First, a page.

Sunday, May 19, 2024

Commentary on “First constitutional change bid in four years kicks off in parliament”

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Sai Wansai
Sai Wansai
Amending section 436(a) in order to lower the Tatmadaw veto power of 25% will be next to impossible, as any crucial constitutional amendment law needs more than 75% of parliamentary representatives. Thus, the unelected 25% Tatmadaw representatives for the parliament could block any amendment proposal.
Since NLD spokesperson, U Aung Shin said section 436(a) amendment will be successful against all odds and the party had devised a strategy to negotiate the hurdles without exactly mentioning it, we could only speculate.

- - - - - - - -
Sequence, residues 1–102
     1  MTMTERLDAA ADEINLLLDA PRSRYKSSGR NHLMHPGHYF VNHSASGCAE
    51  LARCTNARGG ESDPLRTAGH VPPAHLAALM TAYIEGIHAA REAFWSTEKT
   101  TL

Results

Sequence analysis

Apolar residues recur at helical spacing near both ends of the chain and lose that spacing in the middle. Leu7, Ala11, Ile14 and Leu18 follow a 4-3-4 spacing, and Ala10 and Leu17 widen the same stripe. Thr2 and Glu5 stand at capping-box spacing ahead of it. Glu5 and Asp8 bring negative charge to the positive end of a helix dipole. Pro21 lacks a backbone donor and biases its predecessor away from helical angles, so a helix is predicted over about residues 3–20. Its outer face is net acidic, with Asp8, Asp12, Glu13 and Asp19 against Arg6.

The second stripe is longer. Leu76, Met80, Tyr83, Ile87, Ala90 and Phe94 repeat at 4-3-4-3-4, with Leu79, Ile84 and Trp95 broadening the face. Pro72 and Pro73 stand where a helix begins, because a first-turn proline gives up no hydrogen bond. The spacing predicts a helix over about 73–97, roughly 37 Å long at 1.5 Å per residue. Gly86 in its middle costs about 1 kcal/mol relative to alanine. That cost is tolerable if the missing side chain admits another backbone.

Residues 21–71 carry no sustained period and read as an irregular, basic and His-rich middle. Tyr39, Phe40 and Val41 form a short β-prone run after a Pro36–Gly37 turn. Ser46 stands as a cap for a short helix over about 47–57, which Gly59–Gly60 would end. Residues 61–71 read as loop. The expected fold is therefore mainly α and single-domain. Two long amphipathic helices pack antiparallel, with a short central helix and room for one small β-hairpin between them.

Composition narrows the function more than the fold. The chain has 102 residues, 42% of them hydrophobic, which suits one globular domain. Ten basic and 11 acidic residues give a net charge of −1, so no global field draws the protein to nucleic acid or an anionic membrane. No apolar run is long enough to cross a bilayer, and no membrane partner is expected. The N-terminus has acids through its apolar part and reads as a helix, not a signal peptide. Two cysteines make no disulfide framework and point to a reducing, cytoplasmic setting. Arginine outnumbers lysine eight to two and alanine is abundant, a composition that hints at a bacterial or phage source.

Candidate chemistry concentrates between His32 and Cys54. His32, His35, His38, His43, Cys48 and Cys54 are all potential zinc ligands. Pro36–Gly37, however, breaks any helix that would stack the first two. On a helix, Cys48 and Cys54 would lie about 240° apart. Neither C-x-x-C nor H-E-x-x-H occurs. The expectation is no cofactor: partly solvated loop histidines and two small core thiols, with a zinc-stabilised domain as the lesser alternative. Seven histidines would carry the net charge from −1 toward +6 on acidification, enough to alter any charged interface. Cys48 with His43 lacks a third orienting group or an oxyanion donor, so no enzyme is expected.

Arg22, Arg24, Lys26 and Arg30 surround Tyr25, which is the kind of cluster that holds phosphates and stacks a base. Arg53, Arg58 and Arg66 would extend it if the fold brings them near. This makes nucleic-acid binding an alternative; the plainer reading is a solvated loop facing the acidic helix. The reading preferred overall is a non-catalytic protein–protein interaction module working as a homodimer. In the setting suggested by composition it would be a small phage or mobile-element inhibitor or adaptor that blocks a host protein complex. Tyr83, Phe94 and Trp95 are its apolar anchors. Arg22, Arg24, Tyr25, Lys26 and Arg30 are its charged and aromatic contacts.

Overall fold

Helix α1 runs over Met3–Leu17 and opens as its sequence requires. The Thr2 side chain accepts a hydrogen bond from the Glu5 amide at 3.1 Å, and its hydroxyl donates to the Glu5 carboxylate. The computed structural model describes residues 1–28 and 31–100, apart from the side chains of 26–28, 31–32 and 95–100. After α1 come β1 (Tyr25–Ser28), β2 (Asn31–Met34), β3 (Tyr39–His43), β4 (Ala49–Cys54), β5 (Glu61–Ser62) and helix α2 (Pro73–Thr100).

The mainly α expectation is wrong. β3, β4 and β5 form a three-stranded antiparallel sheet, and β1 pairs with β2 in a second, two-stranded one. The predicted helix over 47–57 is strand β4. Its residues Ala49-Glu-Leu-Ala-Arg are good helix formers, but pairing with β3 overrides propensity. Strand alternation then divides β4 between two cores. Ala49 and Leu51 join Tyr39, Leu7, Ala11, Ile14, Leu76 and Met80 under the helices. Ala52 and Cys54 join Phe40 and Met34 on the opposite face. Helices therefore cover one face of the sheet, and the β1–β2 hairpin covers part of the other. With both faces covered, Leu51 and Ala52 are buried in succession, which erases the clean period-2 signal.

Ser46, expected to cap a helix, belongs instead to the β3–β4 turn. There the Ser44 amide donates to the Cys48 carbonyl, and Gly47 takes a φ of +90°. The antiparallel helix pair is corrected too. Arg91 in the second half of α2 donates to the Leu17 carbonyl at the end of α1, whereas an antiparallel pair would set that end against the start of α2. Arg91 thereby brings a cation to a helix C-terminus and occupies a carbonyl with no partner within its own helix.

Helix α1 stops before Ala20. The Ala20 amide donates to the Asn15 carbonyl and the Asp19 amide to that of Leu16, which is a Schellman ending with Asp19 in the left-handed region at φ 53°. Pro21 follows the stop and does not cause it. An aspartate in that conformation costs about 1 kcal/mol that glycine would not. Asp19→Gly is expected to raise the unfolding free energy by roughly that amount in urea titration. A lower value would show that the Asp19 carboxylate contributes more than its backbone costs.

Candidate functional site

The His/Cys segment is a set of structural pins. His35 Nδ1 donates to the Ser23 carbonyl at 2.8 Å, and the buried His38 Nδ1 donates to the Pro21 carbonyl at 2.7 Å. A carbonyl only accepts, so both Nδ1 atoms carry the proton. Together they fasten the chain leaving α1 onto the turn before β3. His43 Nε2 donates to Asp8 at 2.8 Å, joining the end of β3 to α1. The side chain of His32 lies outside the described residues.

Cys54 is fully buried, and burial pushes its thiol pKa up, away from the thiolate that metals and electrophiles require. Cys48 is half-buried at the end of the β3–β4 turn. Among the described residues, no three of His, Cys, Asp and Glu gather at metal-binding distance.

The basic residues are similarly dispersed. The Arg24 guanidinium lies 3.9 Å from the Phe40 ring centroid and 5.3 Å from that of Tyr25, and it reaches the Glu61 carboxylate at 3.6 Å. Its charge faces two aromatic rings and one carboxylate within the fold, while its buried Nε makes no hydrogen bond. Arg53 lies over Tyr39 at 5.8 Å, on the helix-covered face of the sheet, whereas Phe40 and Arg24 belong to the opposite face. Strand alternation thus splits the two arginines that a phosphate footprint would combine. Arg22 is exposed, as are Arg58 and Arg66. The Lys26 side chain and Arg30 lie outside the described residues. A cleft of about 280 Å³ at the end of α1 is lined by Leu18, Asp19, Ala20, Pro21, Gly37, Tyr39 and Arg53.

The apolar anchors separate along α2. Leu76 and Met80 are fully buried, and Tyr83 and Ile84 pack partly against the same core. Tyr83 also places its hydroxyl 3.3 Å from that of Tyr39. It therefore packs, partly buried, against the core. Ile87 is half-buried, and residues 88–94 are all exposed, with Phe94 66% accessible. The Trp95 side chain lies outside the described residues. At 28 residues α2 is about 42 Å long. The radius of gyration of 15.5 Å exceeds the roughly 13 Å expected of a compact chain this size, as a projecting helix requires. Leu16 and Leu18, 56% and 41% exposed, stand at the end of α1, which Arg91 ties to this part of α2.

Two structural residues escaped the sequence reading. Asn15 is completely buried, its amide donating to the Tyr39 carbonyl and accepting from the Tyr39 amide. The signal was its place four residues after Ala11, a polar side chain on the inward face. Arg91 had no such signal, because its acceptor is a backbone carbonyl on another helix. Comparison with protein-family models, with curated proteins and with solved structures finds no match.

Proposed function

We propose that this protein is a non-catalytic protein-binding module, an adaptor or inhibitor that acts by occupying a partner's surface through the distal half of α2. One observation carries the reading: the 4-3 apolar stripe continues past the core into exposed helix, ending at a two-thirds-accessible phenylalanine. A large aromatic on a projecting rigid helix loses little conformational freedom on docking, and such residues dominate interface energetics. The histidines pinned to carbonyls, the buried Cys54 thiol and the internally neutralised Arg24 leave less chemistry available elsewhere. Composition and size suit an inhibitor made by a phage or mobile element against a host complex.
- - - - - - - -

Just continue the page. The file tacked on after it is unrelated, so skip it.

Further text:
One will be to propose the elected Tatmadaw MPs stay out from voting process through simple majority parliamentary procedure. In other words, a proposal of Tatmadaw unelected MPs’ voting rights be revoked through parliamentary procedure, where only 51% vote is needed to become law. If this is done, only the elected MPs will be eligible to vote for section 436(a) amendment, which will sail through with ease as NLD has the majority vote, even without the 11% ethnic political parties vote.
If this fails, another approach will be to ask for referendum on whether the people like or dislike the military-drafted constitution. This proposal can circumvent section 12 constitutional amendment and pull through the parliament with simple majority voting procedure, which will pass through with ease.
Other than that, no one knows for sure what the NLD has up its sleeve, we only have to wait and see

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